THE DAY'S LIST
1. Gertrude J. Deppen Scholarship at Bucknell University: awarded to a teetotaling, nonsmoking resident of Mt. Carmel, Pa., who doesn't like sports.
2. Beckley Scholarship Foundation: $700 awarded to left-handers at Juniata College.
3. Evans Scholarship Program: Full tuition and housing for seniors in the top 25 percent of their class who have caddied for two years at a golf club.
4. Antique Weapons Research Fellowship: $5,000 to students willing to write a scholarly report on antique weapons to be published in The Armerican Society of Arms Collectors bulletin.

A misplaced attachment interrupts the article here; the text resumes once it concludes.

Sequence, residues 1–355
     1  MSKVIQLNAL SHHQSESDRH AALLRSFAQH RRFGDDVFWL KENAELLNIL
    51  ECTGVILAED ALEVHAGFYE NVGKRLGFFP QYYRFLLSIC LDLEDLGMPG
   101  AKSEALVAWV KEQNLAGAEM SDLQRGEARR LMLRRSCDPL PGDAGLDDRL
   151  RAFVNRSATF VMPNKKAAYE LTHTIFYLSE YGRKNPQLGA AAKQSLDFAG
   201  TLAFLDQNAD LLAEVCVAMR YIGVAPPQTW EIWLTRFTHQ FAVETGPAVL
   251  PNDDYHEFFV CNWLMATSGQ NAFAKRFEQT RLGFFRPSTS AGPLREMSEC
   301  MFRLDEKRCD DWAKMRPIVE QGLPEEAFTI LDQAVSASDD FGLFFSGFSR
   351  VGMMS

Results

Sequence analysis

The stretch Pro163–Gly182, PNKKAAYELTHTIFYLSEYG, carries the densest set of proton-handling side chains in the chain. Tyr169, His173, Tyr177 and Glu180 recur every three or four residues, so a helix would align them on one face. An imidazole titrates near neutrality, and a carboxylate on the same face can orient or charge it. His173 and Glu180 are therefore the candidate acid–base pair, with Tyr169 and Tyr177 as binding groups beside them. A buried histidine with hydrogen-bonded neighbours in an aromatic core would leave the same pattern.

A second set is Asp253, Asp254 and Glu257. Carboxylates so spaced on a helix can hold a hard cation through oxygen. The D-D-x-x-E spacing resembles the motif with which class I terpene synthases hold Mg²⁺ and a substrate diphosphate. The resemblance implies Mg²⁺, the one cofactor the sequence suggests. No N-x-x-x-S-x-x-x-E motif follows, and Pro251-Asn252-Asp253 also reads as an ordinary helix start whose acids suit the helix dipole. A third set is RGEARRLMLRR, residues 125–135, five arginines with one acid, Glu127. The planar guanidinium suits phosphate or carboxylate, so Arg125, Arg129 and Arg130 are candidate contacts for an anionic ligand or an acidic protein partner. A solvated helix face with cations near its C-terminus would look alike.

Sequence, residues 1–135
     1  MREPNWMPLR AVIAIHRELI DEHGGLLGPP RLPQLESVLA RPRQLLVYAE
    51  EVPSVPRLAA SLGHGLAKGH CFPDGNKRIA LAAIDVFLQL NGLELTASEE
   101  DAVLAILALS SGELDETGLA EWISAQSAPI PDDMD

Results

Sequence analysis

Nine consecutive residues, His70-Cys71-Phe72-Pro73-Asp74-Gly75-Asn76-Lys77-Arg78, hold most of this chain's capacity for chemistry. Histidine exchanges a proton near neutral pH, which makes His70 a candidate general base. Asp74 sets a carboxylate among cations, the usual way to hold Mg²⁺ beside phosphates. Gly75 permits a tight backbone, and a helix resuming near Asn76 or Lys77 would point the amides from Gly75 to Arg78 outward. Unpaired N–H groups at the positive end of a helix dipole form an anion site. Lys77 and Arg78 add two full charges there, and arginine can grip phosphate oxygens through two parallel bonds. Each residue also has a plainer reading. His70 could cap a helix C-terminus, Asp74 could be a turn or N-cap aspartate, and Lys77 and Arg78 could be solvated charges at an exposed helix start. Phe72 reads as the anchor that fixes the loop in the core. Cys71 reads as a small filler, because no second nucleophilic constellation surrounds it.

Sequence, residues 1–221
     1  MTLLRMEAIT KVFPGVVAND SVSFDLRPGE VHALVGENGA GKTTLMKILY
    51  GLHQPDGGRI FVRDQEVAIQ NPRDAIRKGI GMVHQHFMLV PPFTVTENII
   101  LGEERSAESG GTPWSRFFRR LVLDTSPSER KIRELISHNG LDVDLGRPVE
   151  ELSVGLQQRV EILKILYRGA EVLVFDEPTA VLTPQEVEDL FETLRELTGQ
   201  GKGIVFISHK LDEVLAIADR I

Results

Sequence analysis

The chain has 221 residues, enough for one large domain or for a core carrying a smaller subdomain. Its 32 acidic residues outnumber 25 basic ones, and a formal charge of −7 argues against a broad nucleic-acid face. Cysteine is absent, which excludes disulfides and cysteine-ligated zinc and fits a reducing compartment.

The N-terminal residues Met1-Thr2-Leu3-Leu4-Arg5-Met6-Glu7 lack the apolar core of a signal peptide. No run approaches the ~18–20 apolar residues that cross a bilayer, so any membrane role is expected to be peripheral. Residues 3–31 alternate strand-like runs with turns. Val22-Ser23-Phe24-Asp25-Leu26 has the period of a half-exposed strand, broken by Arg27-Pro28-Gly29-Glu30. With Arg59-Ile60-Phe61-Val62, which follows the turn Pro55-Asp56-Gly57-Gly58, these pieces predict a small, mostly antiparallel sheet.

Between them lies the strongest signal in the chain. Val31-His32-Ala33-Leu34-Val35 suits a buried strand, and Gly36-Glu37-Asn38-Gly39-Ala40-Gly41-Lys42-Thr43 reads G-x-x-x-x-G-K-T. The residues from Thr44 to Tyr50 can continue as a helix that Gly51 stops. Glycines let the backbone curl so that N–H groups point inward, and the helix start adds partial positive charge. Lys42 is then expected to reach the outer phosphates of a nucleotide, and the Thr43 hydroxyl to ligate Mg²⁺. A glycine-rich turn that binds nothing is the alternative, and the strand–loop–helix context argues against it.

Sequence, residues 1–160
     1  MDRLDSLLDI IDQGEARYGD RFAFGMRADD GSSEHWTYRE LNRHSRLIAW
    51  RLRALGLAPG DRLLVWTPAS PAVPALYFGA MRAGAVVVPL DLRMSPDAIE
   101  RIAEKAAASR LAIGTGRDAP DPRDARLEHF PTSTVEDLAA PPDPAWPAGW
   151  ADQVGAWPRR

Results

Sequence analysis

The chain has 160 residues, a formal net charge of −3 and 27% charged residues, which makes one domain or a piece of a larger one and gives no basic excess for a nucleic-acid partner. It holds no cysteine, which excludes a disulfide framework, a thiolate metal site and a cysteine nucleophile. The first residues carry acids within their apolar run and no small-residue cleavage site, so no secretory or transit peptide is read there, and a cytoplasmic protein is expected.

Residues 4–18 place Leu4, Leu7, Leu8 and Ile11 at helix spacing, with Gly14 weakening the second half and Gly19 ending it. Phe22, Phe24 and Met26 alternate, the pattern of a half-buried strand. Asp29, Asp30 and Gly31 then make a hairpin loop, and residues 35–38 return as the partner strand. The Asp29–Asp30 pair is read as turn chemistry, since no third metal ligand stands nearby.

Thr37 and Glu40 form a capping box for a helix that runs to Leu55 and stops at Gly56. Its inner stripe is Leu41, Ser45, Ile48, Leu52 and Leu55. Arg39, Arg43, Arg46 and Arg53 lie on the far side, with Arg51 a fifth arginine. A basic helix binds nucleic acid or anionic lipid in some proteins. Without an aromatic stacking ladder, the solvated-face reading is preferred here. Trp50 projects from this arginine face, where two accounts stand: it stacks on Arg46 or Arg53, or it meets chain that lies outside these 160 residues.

5. Norwich Jubilee Esperanto Foundation: Jen unu mil pundo - nun EK! (Here's a thousand pounds - now go!) Scholarship to students studying Esperanto in Great Britain.
6. The John Gatling Scholarship: Full scholarship to North Carolina State University to students named Gatling or Gatlin.
7. Two/Ten International Footwear Foundation: $2,000 awarded to children of footwear industry workers.
8. The Billy Barty Foundation: $2,000 to "students of short stature."
9. United Daughters of the Confederacy scholarship: $400-$1,500 awarded to descendants of Confederate soldiers.
- National Scholarship Research Service